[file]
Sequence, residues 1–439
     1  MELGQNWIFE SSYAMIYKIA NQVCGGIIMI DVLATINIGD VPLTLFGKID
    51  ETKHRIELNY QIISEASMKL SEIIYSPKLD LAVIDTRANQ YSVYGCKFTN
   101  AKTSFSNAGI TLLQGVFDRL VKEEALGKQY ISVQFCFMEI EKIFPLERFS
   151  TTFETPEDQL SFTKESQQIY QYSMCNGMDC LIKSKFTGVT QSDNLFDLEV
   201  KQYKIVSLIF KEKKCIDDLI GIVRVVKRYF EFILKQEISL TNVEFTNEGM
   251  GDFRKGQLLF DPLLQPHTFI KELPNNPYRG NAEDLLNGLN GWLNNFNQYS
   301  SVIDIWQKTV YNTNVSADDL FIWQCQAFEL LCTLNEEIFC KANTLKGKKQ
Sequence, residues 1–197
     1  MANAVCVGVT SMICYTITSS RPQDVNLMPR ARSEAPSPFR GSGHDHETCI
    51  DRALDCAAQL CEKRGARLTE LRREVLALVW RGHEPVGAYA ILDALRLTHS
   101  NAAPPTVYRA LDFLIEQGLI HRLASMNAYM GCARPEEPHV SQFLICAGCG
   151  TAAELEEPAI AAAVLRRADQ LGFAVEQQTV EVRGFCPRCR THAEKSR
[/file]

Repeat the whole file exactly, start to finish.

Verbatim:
Sequence, residues 1–439
     1  MELGQNWIFE SSYAMIYKIA NQVCGGIIMI DVLATINIGD VPLTLFGKID
    51  ETKHRIELNY QIISEASMKL SEIIYSPKLD LAVIDTRANQ YSVYGCKFTN
   101  AKTSFSNAGI TLLQGVFDRL VKEEALGKQY ISVQFCFMEI EKIFPLERFS
   151  TTFETPEDQL SFTKESQQIY QYSMCNGMDC LIKSKFTGVT QSDNLFDLEV
   201  KQYKIVSLIF KEKKCIDDLI GIVRVVKRYF EFILKQEISL TNVEFTNEGM
   251  GDFRKGQLLF DPLLQPHTFI KELPNNPYRG NAEDLLNGLN GWLNNFNQYS
   301  SVIDIWQKTV YNTNVSADDL FIWQCQAFEL LCTLNEEIFC KANTLKGKKQ
Sequence, residues 1–197
     1  MANAVCVGVT SMICYTITSS RPQDVNLMPR ARSEAPSPFR GSGHDHETCI
    51  DRALDCAAQL CEKRGARLTE LRREVLALVW RGHEPVGAYA ILDALRLTHS
   101  NAAPPTVYRA LDFLIEQGLI HRLASMNAYM GCARPEEPHV SQFLICAGCG
   151  TAAELEEPAI AAAVLRRADQ LGFAVEQQTV EVRGFCPRCR THAEKSR